Secrecy Now In Nigerian Government’s Spending, Revenues As Open Treasury Portal Shuts Down

The Open Treasury Portal initiated by the Nigerian government to provide comprehensive data of all Ministries, Departments and Agencies on budget implementation, financial records as well as transactions above certain thresholds, is currently shut down with no explanation, an analysis by Daily Trust has shown.

This means that details of the revenues and spending of ministries, departments and agencies of the federal government are unknown and they cannot be held accountable.

A visit to the portal – was greeted with a blank page after which a prompt “the site can’t be reached” popped up on the page.

However, worrying is the silence of the Nigerian government which had yet to state why the portal has remained inactive.

In December 2019, President Muhammadu Buhari launched the open treasury portal (OTP), an accountability platform, which seeks to enable “timely availability of financial information to the civil society organisations and the public at large by all MDAs of the federal government”.

He had directed MDAs to publish daily treasury summary statements of financial inflows and outflows.

Buhari said the Accountant General’s office and all accounting officers must publish daily reports of their spending in the region of N10 million while all ministries, departments and agencies of government must do the same for payments above N5 million made from the public treasury.

Also, the AGF and all MDAs are expected to publish monthly budget performance reports, including their functions and economic activities performed by them within seven days to the end of the month.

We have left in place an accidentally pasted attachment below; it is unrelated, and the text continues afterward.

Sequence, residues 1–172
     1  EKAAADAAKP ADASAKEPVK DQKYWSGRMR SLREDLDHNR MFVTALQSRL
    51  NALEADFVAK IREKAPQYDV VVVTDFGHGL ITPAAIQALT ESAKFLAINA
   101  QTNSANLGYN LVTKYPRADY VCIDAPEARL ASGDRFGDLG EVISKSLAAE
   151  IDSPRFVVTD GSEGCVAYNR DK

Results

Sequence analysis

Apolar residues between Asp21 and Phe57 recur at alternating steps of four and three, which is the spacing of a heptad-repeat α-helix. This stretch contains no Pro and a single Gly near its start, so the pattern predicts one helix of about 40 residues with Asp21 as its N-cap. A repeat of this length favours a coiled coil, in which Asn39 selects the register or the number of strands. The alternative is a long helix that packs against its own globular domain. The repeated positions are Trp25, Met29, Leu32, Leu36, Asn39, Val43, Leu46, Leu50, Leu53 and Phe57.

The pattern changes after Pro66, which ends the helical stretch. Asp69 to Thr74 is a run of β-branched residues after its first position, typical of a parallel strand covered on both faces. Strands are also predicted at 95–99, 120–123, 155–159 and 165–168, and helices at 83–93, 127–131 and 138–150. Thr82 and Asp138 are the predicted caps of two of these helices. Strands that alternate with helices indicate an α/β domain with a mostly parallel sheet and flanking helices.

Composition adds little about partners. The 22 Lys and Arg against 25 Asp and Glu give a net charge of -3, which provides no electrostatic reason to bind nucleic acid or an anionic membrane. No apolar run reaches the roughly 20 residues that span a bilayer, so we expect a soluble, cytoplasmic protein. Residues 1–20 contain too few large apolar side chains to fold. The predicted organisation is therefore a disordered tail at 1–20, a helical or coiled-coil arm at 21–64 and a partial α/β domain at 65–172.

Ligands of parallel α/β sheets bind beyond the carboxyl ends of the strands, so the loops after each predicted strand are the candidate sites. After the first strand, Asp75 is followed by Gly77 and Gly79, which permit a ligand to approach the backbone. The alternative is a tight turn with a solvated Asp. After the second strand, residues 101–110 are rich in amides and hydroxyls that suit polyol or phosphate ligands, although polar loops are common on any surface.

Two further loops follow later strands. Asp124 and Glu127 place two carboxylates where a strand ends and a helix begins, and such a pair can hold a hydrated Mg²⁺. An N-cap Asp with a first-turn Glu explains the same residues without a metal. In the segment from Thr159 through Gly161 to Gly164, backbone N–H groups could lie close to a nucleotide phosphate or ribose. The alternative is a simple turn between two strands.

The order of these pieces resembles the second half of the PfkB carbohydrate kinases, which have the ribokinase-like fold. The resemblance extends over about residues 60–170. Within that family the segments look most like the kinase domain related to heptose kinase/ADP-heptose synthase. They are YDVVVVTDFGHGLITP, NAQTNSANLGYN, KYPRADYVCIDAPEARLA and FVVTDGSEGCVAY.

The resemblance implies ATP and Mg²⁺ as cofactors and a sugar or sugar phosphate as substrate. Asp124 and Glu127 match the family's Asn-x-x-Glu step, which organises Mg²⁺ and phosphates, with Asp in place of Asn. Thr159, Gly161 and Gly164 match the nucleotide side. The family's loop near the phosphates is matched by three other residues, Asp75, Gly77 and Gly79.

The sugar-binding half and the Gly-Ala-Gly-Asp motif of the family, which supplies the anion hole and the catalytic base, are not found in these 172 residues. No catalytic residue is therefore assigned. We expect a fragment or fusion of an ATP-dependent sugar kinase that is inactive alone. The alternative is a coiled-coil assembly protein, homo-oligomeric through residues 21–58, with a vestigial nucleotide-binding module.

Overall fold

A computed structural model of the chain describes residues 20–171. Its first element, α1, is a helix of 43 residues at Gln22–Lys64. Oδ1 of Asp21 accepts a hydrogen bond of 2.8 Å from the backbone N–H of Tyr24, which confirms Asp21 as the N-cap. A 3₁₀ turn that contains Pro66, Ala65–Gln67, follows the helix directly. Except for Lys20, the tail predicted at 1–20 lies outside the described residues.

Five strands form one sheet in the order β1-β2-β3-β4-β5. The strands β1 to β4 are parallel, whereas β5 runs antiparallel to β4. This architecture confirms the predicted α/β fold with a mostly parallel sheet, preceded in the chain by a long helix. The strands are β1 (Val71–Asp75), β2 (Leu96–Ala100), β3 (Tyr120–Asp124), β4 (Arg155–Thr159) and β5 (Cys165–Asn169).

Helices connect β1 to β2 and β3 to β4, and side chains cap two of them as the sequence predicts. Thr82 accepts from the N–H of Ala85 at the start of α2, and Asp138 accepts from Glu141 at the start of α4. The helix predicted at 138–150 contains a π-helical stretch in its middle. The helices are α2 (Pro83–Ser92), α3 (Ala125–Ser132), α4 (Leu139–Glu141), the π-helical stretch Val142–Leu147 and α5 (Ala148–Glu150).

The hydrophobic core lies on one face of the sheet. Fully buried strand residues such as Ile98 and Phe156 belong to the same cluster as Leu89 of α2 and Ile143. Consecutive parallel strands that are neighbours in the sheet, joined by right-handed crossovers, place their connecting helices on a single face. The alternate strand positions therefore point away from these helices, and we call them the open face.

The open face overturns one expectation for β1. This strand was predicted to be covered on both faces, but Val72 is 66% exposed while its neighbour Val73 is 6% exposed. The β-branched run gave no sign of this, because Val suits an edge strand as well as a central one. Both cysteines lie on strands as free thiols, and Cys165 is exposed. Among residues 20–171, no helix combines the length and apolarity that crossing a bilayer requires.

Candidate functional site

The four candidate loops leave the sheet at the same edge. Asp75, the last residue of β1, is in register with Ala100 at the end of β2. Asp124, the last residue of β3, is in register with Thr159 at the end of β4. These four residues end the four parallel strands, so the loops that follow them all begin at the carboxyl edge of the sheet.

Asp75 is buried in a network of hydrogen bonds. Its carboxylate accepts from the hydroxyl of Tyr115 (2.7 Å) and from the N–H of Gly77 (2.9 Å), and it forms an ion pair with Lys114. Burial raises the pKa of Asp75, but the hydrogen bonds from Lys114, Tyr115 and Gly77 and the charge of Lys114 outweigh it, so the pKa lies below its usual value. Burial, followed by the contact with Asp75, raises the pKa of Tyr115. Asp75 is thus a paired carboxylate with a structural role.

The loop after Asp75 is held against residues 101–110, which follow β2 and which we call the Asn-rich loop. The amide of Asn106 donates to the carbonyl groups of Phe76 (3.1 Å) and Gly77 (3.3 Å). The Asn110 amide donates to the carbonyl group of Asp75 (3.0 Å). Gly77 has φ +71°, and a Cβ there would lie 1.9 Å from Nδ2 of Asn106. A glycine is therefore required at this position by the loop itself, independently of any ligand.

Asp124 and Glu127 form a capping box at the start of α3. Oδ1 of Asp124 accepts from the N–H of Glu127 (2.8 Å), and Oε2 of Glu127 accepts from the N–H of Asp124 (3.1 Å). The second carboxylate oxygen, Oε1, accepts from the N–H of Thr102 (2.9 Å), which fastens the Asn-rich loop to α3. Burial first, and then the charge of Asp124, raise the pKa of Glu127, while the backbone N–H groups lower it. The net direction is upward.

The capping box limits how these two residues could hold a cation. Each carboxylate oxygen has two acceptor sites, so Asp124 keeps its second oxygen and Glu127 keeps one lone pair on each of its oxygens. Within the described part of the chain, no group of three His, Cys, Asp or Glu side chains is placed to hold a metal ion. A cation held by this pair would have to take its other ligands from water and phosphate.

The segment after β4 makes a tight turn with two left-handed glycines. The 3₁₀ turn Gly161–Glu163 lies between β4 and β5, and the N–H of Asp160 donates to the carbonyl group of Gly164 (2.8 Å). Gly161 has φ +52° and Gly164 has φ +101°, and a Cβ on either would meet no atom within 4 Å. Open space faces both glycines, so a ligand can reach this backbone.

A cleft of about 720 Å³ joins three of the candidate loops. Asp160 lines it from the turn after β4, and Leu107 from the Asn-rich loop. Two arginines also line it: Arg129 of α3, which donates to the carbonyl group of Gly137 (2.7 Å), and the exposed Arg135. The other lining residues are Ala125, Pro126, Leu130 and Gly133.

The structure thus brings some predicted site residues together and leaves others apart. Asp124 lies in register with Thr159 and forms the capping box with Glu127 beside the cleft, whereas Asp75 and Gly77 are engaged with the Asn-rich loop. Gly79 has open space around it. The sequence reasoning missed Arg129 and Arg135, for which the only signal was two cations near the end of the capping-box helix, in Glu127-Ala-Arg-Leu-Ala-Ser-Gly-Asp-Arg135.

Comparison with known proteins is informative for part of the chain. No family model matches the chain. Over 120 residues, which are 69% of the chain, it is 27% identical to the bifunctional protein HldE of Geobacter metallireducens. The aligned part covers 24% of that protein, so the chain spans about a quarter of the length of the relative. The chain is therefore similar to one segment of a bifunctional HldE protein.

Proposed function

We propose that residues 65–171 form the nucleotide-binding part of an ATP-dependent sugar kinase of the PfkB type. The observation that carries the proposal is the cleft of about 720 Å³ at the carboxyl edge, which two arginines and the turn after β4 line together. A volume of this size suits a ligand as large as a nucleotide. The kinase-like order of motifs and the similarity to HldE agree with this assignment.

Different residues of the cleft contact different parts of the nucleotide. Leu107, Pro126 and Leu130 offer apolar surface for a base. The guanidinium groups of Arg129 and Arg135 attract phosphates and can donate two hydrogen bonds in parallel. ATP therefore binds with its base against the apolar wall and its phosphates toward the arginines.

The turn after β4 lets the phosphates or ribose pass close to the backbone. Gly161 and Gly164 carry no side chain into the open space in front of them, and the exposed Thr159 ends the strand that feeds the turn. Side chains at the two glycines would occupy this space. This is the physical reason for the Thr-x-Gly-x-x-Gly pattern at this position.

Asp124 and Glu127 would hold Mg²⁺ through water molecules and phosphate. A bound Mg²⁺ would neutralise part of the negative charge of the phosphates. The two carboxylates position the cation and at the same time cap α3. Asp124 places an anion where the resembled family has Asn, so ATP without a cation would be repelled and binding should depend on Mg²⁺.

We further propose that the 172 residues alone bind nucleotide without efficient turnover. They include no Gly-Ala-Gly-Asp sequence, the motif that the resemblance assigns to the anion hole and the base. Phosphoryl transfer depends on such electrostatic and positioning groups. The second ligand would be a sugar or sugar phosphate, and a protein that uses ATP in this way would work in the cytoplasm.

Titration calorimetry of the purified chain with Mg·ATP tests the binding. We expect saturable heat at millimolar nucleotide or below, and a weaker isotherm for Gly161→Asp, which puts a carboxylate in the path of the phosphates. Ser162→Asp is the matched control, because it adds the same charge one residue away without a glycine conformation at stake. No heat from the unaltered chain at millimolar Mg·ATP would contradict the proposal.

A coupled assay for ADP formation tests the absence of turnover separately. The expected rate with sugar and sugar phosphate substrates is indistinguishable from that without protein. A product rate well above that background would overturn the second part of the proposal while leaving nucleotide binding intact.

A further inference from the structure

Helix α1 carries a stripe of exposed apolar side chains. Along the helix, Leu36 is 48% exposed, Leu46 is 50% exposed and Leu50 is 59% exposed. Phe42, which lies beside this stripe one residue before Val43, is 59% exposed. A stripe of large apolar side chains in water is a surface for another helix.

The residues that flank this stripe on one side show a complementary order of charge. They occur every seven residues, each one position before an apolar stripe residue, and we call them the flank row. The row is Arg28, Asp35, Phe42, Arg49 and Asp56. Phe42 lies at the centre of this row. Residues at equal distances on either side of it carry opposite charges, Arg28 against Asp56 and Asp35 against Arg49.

In June 2020, a civic advocacy group, BudgIT, identified discrepancies in the open treasury portal.

The co-founder of the group, Seun Onigbinde, identified some loopholes in the financial records posted on the site and the need for improvement of the system.

Damilola Ogundipe, Communications Lead at BudgIT, in a statement said though the platform was innovative and commendable, much needed to be done so it could fully achieve its goal of enabling public transparency and accountability.

BudgIT in its report titled “ Nigeria’s Spending Platform: Review, Gaps & Recommendations” analysed data uploaded on the portal from September 2018 to May 2020.

The group said it analysed over 100,000 payment entries from over 600 distinct spreadsheets.

Between January and July 2019, BudgiT said it discovered that large sums were paid into personal accounts; including several records with vague descriptions.

It said, “Over 2,900 payments to individuals were recorded at an aggregate value of N51 billion. A few examples include N2.04 billion, N2.04 billion and N1 billion paid into personal accounts on the 21st of June 2019 without any payment description along with another N68 million payment for “Ogunsuyi” and N15.8 million for “international” on other dates.

“In the same 2019, we also discovered payment records without descriptions or beneficiary information. At least 5,000 payment records valued at N278 billion were without descriptions and 275 payment records with a value of N43 billion were without beneficiary’s names.

“These inconspicuous payments cannot be assessed or traced by citizens and interested parties, thereby defeating the purpose of the platform to foster transparency.”

Speaking on the shutdown, the Socio-Economic Rights and Accountability Project (SERAP) said while the problem may not be directly interpreted as corruption in the system, “it may be an indicator for the facilitator of corruption.”

SERAP Deputy Director, Kola Oluwadare, in an interview, said the government ought to have issued a statement, giving reasons why the portal was down and steps being taken to fix the problem.


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